I love the geometry of these! <3 

I submitted a draft of my last chapter on Friday last week, and now I’m in revision mode, and it’s actually a lot of fun. But it was really nice of my partner to help me to celebrate and recognize what an accomplishment it was to finally finish a decent draft of that chapter, which I’ve been working on for months now.

I find that when I keep up on small projects along the way, my motivation stays higher than when I don’t. I finish a blog post, up it goes, and I feel like I’ve accomplished something. It hasn’t been that often that I have that feeling with writing another paragraph of my thesis, or straightening another set of citations. So I encourage you to do what you need to make sure that you feel good about what you’re doing, whether it’s going to the climbing gym and figuring out another boulder problem (climbing lingo for route), or hosting a successful potluck with friends that you can’t make the time to see individually, or cooking up a storm and having meals for a week. Have your hobbies!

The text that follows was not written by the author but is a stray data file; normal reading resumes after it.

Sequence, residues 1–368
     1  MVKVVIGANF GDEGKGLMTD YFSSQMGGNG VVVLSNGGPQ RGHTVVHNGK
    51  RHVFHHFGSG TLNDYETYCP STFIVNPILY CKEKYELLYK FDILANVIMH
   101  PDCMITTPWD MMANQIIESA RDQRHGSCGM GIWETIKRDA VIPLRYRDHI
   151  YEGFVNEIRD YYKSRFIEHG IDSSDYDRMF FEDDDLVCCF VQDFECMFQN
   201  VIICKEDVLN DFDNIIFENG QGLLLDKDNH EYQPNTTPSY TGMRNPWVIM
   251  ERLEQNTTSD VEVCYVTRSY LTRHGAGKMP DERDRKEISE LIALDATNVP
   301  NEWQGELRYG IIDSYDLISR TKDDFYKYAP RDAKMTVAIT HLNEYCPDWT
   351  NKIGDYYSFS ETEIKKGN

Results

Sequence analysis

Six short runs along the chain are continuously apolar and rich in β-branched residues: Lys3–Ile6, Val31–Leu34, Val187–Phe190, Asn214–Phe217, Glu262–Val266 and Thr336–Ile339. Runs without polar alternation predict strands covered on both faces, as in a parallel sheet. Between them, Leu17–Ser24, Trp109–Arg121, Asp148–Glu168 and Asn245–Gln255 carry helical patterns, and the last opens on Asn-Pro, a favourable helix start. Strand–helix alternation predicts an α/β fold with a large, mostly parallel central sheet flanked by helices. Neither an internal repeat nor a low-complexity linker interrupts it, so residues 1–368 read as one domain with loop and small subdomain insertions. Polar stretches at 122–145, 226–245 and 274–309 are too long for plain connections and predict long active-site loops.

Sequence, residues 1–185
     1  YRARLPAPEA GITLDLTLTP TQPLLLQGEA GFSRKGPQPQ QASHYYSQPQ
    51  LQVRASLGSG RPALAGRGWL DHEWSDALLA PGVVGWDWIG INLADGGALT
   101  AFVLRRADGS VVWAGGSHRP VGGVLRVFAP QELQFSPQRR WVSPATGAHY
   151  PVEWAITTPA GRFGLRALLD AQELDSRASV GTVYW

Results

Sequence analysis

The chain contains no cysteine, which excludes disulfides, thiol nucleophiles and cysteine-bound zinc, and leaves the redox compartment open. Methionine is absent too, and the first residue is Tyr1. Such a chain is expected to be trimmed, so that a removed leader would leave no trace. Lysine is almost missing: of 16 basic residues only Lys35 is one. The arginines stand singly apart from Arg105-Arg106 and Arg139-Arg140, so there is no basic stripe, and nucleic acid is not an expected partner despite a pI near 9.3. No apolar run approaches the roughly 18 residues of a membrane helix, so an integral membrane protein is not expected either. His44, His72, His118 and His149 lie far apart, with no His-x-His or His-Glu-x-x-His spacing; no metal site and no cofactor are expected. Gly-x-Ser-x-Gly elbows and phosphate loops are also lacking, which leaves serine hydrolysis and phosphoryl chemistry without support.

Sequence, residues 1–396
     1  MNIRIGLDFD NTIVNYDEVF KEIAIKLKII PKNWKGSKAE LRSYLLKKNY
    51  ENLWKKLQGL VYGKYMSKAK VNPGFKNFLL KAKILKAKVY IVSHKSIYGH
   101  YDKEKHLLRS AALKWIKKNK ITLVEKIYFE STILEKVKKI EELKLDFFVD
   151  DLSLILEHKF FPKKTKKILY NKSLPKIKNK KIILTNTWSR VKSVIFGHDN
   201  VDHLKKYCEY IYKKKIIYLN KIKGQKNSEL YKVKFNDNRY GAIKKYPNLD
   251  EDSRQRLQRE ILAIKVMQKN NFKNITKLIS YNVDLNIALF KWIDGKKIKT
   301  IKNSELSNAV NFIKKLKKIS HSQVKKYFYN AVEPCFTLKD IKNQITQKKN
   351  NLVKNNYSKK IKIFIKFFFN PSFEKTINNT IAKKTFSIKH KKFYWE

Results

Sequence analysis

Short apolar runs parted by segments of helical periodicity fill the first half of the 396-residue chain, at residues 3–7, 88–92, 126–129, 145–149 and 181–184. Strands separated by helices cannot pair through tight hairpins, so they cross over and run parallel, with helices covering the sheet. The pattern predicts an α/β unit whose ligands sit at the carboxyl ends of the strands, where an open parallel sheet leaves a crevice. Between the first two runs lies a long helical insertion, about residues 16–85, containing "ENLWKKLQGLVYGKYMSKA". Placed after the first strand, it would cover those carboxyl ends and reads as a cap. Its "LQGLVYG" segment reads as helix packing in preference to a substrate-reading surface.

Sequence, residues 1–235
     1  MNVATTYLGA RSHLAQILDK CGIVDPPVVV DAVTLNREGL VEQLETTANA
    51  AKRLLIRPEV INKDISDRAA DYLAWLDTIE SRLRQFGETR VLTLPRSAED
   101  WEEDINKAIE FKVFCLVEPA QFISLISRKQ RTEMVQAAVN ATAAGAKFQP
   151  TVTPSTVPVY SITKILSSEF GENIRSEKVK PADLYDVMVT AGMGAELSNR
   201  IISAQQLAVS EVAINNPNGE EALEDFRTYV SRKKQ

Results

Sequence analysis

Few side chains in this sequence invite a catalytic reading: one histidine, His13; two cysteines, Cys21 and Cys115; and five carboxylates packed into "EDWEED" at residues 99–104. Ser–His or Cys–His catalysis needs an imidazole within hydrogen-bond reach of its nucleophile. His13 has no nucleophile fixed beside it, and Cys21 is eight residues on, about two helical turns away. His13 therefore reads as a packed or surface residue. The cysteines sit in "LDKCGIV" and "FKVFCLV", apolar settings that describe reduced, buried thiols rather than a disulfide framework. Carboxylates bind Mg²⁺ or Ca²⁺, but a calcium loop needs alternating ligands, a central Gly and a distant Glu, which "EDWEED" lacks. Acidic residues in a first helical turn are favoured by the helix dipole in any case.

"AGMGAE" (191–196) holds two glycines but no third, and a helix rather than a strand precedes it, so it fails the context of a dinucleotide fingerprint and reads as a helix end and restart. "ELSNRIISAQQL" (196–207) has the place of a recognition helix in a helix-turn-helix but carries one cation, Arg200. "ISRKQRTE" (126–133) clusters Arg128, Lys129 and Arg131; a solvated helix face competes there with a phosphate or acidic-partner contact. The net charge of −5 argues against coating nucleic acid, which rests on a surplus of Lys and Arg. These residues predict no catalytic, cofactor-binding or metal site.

Big leaf maple (Acer mycropyllum
I suppose what’s behind all of this is encouragement to establish a good work-life balance, which I struggle with, for sure. Undertaking a thesis can seem to be all-consuming, and I think sometimes it can be difficult to feel good about taking on other projects and non-grad school related things, but in retrospect, I'd say don’t be afraid to register for that pottery class, or join that soccer team, or develop a writing group. These are all things that can help us realize how important it is to support ourselves in different ways all along the way, and reinforce that we are not only our theses or grad work. 

View from the Gorge on a beautiful fall day!
Of course, don't be filling up your schedule to the extent that your thesis becomes a low priority, but a bit of a mix of things is definitely good.

Next I’ll write about my new job coming up, and transitioning out of grad school!